4. This condescension on his part, is of the utmost importance to the whole universe. They need to know that they can influence the Infinite Mind by prayer for fellow creatures, for this will encourage them to try to help each other by prayer, and will serve to knit the bonds of mutual affection and interest.
5. It is striking to notice how our dependent relations upon each other and upon God multiply the occasions of prayer for each other. It would seem that God loves to create these occasions and to multiply them continually. So he shuts us up by his providence, straitens us all round about, and thus compels us to feel the necessity of prayer. O how he loves to multiply these occasions, and bring up one subject of prayer after another, keeping our hearts ever warm with benevolent interest in our fellow-beings, and drawing us also exceedingly near to himself. All this time he is never weary of giving us audience, and of inviting us into the secret chamber of his love.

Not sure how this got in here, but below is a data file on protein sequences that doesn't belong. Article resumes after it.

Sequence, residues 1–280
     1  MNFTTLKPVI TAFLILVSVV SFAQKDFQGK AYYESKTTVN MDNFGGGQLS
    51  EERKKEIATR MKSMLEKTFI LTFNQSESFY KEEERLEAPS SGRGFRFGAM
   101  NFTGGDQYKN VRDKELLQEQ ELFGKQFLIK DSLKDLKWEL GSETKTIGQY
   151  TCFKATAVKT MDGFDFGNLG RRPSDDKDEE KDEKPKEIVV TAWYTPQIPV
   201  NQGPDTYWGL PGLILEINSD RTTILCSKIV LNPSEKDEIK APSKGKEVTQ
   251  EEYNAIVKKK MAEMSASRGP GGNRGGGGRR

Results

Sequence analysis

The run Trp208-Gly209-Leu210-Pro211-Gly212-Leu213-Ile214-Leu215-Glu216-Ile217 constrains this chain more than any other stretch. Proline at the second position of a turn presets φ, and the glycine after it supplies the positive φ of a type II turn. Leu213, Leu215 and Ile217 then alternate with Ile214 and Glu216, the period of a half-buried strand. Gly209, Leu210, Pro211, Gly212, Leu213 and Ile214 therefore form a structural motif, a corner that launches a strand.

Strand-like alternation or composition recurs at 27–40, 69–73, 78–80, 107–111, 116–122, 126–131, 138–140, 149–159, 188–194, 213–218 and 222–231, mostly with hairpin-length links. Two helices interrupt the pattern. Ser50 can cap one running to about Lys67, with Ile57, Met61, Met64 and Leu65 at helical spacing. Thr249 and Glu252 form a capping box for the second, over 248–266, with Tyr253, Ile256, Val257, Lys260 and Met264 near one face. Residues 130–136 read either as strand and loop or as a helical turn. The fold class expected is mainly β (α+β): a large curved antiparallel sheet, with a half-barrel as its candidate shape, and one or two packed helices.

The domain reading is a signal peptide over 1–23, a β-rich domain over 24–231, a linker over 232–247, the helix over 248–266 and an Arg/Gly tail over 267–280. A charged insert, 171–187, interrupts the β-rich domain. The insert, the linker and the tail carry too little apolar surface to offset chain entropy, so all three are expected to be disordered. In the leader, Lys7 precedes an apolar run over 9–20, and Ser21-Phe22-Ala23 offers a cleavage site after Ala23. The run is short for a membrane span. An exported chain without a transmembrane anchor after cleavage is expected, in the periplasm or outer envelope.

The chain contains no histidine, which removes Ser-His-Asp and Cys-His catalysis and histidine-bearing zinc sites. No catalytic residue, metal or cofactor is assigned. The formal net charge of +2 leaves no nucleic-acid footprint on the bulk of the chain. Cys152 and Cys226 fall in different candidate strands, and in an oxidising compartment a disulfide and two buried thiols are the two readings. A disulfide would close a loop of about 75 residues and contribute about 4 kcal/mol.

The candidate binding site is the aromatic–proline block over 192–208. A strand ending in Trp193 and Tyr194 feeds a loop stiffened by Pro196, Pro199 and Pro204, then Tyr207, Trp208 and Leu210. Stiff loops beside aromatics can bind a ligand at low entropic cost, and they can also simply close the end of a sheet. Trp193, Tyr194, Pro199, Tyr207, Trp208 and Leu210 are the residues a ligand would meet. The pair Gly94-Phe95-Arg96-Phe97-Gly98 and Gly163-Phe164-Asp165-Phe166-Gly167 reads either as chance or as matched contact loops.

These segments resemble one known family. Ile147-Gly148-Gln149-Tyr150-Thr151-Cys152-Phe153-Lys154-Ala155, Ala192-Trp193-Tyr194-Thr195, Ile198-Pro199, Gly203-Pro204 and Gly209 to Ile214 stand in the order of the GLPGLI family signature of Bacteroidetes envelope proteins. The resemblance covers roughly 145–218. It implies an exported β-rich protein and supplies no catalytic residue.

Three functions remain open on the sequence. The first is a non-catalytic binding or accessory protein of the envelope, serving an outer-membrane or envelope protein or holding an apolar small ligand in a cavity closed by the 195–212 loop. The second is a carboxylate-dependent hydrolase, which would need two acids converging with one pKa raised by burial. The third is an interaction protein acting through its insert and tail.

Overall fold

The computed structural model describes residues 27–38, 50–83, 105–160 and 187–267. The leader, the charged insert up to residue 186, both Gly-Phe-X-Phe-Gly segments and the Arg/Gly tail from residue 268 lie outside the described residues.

6. Prayer for others supplies one important condition in the government of God upon which he can show mercy without detriment to any governmental interests. Every one can readily see that a king might grant a favor to an offender for the sake of a mutual friend, which he could not grant for the offender's sake alone. Suppose a man here in Oberlin has committed a great crime; the Government cannot pardon him on the strength of his own prayer only; but if all Oberlin were to unite their petitions, he might, perhaps, for their sakes, grant the pardon. This principle has a wide and well-known application. Thus a parent might get a blessing for his child. The child may be guilty of high treason, but his father may have rendered so great services to the government, that for the sake of these, and in answer to his prayers, the Governor may honorably and safely pardon him. The Governor would reply to the guilty son--I cannot pardon you for your own sake, but for your father's sake I can. This principle has always been exercised in God's government. For Abraham's sake God could bless Abimelech, and Sarah, and almost Sodom. Noah, Daniel and Job are cited as examples of intercessors whom God would hear except under the extreme circumstances of guilt, when the nation had become really ripe for judgments. God's language to Moses is striking and most significant. It was on the occasion of the golden calf, that the Lord said to Moses, "I have seen this people, and behold, it is a stiff-necked people; now, therefore, let me alone, that my wrath may wax hot against them, and that I may consume them; and I will make of thee a great nation." (Ex. 32:9-10) God could not hear the people, but did hear Moses; indeed, he speaks as if he could not go on in the course of just judgment against the people unless Moses would withdraw his intercession and let him go on. How strong is the view thus given us of the power of prevailing prayer!